Glasgow East MP Natalie McGarry also accused 'Harry Potter' author of 'bullying' her
A Scottish MP has been forced to apologise after accusing Harry Potter author JK Rowling of supporting and defending “abusive, misogynist trolls”.
Glasgow East MP Natalie McGarry, formerly of the SNP and now an Independent, claimed that Rowling had sent supportive tweets to a Twitter user by the name of Brian Spanner, who McGarry described as a “misogynist and abusive Twitter troll”.
Rowling took objection to the claims, responding by tweeting: “I’d love an explanation of this accusation, Natalie… You aren’t some random hater, Natalie. You’re an elected politician and you’ve accused me of supporting abuse and misogyny.”
It has been alleged that Rowling had thanked Spanner for raising money for her children’s charity Lumos. Spanner is thought to be an anti-Scottish nationalist.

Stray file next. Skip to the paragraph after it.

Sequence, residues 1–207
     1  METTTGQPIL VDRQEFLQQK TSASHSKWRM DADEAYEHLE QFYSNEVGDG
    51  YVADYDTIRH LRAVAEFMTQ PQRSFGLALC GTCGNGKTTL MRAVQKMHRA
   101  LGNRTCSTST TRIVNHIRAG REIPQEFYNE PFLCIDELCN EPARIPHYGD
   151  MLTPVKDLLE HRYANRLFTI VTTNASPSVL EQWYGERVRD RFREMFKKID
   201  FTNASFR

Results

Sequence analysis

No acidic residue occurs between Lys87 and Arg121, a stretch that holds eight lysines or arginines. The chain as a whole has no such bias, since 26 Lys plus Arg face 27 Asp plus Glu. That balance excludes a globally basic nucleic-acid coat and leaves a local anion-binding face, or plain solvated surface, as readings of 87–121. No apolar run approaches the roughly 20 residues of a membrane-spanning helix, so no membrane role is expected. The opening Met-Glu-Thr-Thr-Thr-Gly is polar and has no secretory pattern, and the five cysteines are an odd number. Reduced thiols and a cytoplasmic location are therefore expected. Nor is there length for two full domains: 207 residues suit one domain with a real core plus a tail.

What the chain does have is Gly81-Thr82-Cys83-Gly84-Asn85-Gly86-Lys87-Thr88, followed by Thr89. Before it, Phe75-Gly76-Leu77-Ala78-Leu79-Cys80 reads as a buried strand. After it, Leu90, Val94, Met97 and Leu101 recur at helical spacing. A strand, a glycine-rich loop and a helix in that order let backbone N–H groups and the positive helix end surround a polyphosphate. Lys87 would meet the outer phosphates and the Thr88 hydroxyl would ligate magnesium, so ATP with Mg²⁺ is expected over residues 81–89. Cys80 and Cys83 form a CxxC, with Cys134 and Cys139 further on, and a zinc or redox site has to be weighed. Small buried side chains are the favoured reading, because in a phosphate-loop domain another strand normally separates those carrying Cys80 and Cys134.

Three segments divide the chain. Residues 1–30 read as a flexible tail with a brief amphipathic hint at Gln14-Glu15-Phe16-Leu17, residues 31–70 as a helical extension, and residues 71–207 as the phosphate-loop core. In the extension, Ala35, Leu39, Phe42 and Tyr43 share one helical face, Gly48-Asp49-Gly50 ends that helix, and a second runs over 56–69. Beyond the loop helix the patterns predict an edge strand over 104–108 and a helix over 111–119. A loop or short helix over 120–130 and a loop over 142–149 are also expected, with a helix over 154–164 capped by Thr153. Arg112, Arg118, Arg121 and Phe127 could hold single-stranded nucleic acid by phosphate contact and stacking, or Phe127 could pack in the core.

McGarry initially accused Rowling of “bullying her” before retracting her statements. She wrote: “Dear @jk_rowling. On reflection, I do apologise for any misguided inference that you support misogyny or abuse instead of the folk you tweet”. She has since made her Twitter account private.
JK Rowling recently revealed what she said to late actor Alan Rickman as he took on the role of Snape, following Rickman’s passing earlier this month.
Answering a fan question on Twitter, Rowling simply said she emphasised the idea of ‘always’ to the actor, before the Potter novels had concluded.
In interviews around the release of Harry Potter and the Deathly Hallows II, Rickman told journalists that Rowling had told him “one tiny, little, left of field piece of information that helped me think that he [Snape] was more complicated, and that the story was not going to be as straight down the line as everybody thought.”
“If you remember when I did the first film, she’d only written three or four books, so nobody knew where it was really going except her. And its was important for her that I know something, but she only gave me a tiny piece of information which helped me think it was a more ambiguous route.”